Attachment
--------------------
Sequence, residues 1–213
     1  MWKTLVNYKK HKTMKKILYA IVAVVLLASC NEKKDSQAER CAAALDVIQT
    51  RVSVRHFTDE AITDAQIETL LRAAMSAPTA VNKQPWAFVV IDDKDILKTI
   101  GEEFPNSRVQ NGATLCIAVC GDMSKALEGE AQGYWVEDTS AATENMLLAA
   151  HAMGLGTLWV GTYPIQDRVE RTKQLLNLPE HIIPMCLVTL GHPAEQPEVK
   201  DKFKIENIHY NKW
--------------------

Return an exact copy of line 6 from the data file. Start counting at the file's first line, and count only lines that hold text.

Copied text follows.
   201  DKFKIENIHY NKW